The Anatomy of an International Crime: Aggression at the International Criminal Court

30 Pages Posted: 1 Feb 2013  

Matthew Gillett

Office of the Prosecutor of the International Criminal Tribunal for the Former Yugoslavia

Date Written: January 31, 2013

Abstract

In 2010 in Kampala, Uganda, the States Parties to the International Criminal Court (ICC) adopted a set of amendments to the Rome Statute that define the elements and trigger mechanisms of the crime of aggression. However, significant questions remain as to what was actually agreed upon in Kampala, including with respect to the parameters of the crime itself. These questions, which include the applicability of exceptions for humanitarian intervention and anticipatory self-defense, affect not only the potential criminal responsibility of individuals charged with the crime of aggression, but also the interests of States in whether their acts are considered to amount to aggression or not. This article explores the anatomy of the crime of aggression and highlights issues that remain to be resolved.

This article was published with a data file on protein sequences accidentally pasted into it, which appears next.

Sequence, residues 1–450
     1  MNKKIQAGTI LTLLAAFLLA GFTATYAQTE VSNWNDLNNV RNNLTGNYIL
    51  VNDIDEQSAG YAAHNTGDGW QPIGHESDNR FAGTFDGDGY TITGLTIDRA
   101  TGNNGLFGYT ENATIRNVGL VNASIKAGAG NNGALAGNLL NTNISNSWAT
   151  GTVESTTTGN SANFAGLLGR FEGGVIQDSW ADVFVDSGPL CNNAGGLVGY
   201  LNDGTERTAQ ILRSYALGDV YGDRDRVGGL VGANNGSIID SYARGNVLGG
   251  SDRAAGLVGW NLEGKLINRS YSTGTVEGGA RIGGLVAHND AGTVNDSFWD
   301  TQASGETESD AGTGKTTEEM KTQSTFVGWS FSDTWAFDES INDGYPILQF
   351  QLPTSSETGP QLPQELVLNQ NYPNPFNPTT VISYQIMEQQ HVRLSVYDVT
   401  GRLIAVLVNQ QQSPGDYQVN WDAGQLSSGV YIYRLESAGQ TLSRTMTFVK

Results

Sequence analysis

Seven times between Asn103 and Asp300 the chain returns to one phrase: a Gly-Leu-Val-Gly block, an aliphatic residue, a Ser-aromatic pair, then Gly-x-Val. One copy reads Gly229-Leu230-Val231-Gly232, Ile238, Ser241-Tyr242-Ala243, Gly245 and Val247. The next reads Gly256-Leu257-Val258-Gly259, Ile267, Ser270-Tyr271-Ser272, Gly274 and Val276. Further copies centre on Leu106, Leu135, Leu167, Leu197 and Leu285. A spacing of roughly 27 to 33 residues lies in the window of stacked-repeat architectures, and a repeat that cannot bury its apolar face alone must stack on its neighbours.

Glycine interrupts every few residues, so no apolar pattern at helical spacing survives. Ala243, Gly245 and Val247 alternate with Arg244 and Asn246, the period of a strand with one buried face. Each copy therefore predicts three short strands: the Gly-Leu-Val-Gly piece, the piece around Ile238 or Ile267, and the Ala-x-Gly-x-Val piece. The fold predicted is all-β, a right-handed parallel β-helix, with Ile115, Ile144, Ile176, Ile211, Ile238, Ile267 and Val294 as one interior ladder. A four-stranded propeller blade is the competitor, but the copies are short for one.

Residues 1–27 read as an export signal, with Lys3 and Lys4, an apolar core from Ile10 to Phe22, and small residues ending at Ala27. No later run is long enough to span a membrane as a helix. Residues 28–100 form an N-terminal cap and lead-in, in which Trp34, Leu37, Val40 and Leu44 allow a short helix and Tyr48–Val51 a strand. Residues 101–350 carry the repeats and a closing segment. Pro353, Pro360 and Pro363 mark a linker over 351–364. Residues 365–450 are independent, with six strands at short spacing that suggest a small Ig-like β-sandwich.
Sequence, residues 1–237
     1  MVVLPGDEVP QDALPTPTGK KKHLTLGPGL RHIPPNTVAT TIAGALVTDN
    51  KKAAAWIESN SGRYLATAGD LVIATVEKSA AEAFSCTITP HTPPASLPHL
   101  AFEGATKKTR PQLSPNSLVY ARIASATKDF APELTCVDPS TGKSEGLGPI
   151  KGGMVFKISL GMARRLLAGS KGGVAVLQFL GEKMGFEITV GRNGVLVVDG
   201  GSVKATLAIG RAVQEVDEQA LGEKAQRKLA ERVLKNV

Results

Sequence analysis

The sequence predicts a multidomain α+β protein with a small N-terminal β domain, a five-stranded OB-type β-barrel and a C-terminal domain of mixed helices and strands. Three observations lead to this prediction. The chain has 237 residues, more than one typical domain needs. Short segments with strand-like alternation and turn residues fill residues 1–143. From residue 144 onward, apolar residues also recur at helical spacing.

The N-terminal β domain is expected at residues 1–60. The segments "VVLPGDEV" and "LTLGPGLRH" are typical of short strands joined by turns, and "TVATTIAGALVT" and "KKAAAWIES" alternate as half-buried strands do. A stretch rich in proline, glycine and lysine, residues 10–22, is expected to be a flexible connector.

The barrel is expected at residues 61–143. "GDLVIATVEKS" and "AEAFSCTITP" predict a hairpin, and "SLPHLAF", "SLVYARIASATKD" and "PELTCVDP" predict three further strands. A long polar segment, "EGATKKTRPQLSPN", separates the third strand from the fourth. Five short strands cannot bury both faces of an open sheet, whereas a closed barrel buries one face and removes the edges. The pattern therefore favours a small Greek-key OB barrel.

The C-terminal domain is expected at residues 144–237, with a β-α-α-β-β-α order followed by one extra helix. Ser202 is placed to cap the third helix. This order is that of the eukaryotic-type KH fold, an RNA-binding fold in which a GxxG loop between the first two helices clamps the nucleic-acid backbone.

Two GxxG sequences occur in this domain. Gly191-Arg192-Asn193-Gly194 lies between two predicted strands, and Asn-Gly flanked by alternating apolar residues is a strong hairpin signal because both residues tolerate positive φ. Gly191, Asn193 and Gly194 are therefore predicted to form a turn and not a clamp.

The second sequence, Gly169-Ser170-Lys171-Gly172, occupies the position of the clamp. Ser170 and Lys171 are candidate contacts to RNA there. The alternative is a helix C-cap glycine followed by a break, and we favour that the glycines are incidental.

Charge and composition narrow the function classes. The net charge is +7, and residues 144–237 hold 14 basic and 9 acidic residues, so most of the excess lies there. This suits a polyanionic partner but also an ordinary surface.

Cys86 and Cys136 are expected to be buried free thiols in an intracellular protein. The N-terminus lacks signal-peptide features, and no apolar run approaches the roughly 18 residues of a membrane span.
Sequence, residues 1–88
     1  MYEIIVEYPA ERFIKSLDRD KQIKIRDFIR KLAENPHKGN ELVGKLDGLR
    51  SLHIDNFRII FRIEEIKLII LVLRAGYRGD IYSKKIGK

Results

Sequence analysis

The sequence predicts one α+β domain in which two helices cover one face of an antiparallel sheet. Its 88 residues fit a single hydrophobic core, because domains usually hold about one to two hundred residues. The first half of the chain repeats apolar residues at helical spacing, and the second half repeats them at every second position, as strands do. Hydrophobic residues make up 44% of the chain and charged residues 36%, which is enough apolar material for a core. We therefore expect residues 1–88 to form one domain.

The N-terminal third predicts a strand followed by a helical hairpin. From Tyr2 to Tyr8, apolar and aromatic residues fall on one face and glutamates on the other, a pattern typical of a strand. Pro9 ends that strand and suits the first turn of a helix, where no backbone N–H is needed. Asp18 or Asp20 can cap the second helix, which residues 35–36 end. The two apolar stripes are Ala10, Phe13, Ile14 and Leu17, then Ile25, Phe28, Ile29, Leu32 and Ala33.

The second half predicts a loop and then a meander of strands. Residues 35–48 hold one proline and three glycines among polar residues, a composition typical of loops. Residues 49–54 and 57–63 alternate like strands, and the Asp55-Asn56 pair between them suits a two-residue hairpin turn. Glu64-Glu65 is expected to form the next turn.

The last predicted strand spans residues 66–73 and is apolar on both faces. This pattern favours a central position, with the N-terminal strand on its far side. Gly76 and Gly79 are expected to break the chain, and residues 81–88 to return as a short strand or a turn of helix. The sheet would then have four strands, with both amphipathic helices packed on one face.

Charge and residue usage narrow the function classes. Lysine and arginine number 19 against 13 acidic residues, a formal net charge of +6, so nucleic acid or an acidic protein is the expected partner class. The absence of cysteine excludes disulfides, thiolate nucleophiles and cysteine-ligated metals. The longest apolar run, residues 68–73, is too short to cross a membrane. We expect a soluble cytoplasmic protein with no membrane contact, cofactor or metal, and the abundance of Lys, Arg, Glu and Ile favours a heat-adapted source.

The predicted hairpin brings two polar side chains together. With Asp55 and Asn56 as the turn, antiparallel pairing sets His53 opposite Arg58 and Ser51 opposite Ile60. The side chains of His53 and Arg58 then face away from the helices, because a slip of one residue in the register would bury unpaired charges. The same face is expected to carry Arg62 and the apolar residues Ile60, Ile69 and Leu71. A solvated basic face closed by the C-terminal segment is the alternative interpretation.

Keywords: aggression, International Criminal Court (ICC), Rome statute, humanitarian intervention, anticipatory self-defense

Suggested Citation

Gillett, Matthew, The Anatomy of an International Crime: Aggression at the International Criminal Court (January 31, 2013). Available at SSRN: https://ssrn.com/abstract=2209687 or http://dx.doi.org/10.2139/ssrn.2209687

Matthew Gillett (Contact Author)

Office of the Prosecutor of the International Criminal Tribunal for the Former Yugoslavia ( email )

UN-ICTY
P.O. Box 13888
The Hague, Zuid-Holland 2501 EW
Netherlands

Register to save articles to
your library

Register

Paper statistics

Downloads
449
rank
58,101
Abstract Views
1,584
PlumX